Robin Gordon

Auksford crest: a great auk displaying a book with the words "Ex ovo sapientia"
Auksford 2013

© Copyright Robin Gordon, 2013

Auksford index.  --  Index to Robin Gordon's works.  --  Roquana: index.

Book III: New Jackrusselham
Chapter 10: In the Crypt

    Gulls then called in a Government Guard wearing a shabby coat over his uniform and ordered him to take Roquana to the Crypt.  He dragged her out of the room, along a passage, down a flight of stairs and into the cathedral crypt, where a crowd had already assembled, and where Tommuz was already strapped to a bed, on full display on the well-lit platform.  The Guard pushed through the spectators till we found ourselves right at the front, watching as an immensely fat eunuch tortured Tommuz, who writhed in mingled pain and pleasure and begged for more.  There seemed to be no way of averting his fate or that which awaited Roquana.
    “Do something, Voice,” Roquana sobbed.
    I racked my brains, then decided.
    “I’ll try,” I whispered.  “If it works be ready to shout Let him go.  I can’t guarantee anything.”
    Indeed I could not, for, though what I was about to try was theoretically possible, no-one had ever done it before, and expert opinion thought that it would destroy the mind of any Inquisitor who made the attempt.  Even if I succeeded and held on to consciousness for long enough, I might be too late or unable to have any influence.
What I had in mind was to transfer directly from Roquana’s mind to Tommuz’s and encourage him to resist.  I had never targeted Tommuz in the way I targeted all my subjects.  I had never confronted him in person, gripped his hand and stared into his eyes.  In person I had only met him briefly, and even then my attention was focussed on Roquana or on the President, but I hoped that, having been with Roquana for so long, I might be able to use her attraction to Tommuz to make the transfer.
    “Goodbye,” I whispered, and left her.
    “Tommuz!  Tommuz!” I repeated, but it was no good.  I found myself, head spinning, totally dizzy, back in my office, then suddenly the office disappeared again, I whirled through blackness, and arrived I knew not where, unable to see properly, unable to hear properly, still spinning and falling through infinite chasms of nothingness, until I gradually began to feel waves of pleasure, greater pleasure than I had ever felt before, even in the arms of my poor wife, whom I knew I might never see again – and a voice was whispering, whispering of the delights of pain.  I was in the mind of Tommuz, but unable to do anything, unable to say anything, unable even to focus.
    A fat face gradually formed before my blurred vision as a violent electric shock coursed through the body I now shared with Tommuz, a body that twitched and shuddered orgasmically, and then the view gradually cleared and I recognised the leering features of Mrs Bonpoint.
    “You loved that one, dinchu, darling,” she sneered, but now I’ve got summing really special for you.  See this knife?  “Like to feel it?” – Here she ran the tip of the blade along Tommuz’s leg and he sighed contentedly.
    “Again?” said Mrs Bonpoint.
    “Yes,” sighed Tommuz.
    “Manners!”  Mrs Bonpoint chided.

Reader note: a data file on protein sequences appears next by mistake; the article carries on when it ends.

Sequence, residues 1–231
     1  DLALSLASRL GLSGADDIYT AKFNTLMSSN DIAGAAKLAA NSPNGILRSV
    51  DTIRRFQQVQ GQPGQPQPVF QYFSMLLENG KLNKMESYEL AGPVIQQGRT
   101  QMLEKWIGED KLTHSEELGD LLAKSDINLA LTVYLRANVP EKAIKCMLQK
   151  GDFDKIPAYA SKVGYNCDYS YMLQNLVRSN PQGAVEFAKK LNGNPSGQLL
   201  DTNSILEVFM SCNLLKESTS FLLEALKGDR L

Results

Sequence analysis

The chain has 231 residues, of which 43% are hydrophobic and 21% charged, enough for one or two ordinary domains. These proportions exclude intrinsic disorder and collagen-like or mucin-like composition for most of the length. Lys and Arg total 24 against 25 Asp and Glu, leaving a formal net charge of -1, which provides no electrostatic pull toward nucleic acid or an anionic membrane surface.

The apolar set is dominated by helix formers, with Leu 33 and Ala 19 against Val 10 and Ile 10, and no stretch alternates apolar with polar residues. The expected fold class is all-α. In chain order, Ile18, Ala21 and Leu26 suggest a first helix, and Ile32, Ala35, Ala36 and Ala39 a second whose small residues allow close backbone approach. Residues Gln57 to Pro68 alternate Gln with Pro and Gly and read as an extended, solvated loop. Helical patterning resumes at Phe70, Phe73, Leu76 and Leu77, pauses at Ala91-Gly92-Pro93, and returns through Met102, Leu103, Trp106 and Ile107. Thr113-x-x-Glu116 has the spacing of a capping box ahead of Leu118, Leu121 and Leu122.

“Yes, please, Mrs Bonpoint,” Tommuz gasped.
    “Well I ain’t gonna do it again,” said she.
    “Please,” Tommuz almost wailed.
    “No, dearie, I got summing much better ’an that,” leered Mrs Boinpoint.  “We’re coming the real climax now, darling.  This is where you feel the greatest pleasure you’ve ever felt in your life – if you want it.  I’m only allowed to do this if you say you want it.  Shall I tell you what I’m gonna do, darling?  I’m gonna take your balls in my hand, like this.  Then I’m gonna take this knife, and I’m gonna cut them right off.  You’ll love it, darling, yes you will.  It’ll be the most intense pleasure if your whole life.  Now, sweetheart, would you like dear, kind Mrs Bonpoint to give you that pleasure?  Would you like me to castrate you?”
    “I felt a wave of pleasurable anticipation welling up in Tommuz.  There was no doubt that at that moment there was nothing he wanted more than to feel the knife cutting into his flesh.
    “No!”  I screamed.  “Remember Roquana!  You love Roquana.  Don’t lose Roquana!  Roquana!  Roquana!  No!  No!”
    “Come on, darling,” Mrs Bonpoint urged.  Shall I do it?”
    “Roquana!  No!”  I shouted.
    “I …  I …” Tommuz stuttered, then, “ … uh … no … no …”
    Mrs Bonpoint hissed in fury, and Roquana took her cue.
    “Let him go!” she shouted.
    No-one took up the cry.
    “What’s got into you, darling?” hissed Mrs Bonpoint, then, recovering her insinuatingly leering tone, she continued.
    “You can feel me holding your balls, can’t you sweetie?  You can feel me squeezing them and twisting them, can’t you sweetie, and you love it, don’t you sweetie, an you know I can double, triple, quadruple that lovely pleasure, don’t you sweetie?  You know I can multiply it by so much that you’d give your whole life for it, don’t you sweetie.  Well, you don’t have to give your life, my darling.  Kind Mrs Bonpoint will give you that immense, never to be forgotten pleasure right here.  All you have to do is say yes, that’s all you have to do.  Now, sweetie, you can feel the sharp knife against you, can’t you, and you want, yes you want, you want more than anything, yes you do, you want that knife to cut into your flesh.  Shall I do it, poppet?  Shall kind Mrs Bonpoint castrate you.”
    I had been trying to speak in his mind, but Mrs Bonpoint’s words drowned everything else from Tommuz’s consciousness.  Now she paused, and again I yelled: “Remember Roquana!  You love Roquana!  You want to marry Roquana!  Say No!  Say No or you’ll lose Roquana.  Roquana!  Roquana!  No!  No!”
    “Hurry up, my lovely,” said Mrs Bonpoint.  “Shall I cut ’em off?”
    “No,” Tommuz gasped.  “Roquana.  No.”
    “Let him go!” shouted Roquana, and other voices took up the cry: “Let him go!  Let him go!”
    “Let me go,” Tommuz gasped.
    “You ain’t going nowhere, my little beauty,” rasped Mrs Bonpoint.  “I get to ask     him three times,” she yelled at the restive crowd, then turning back to Tommuz she began again describing the orgasmic delight he would feel as his testicles were severed.  Again I felt a tide of anticipatory pleasure mounting in his brain, stronger than ever.  If he said yes this time nothing could save him – or Roquana.
    Again I yelled in his mind, reminding him of his love for Roquana.  “They’ll make her a blind whore if you don’t say No,” I shouted.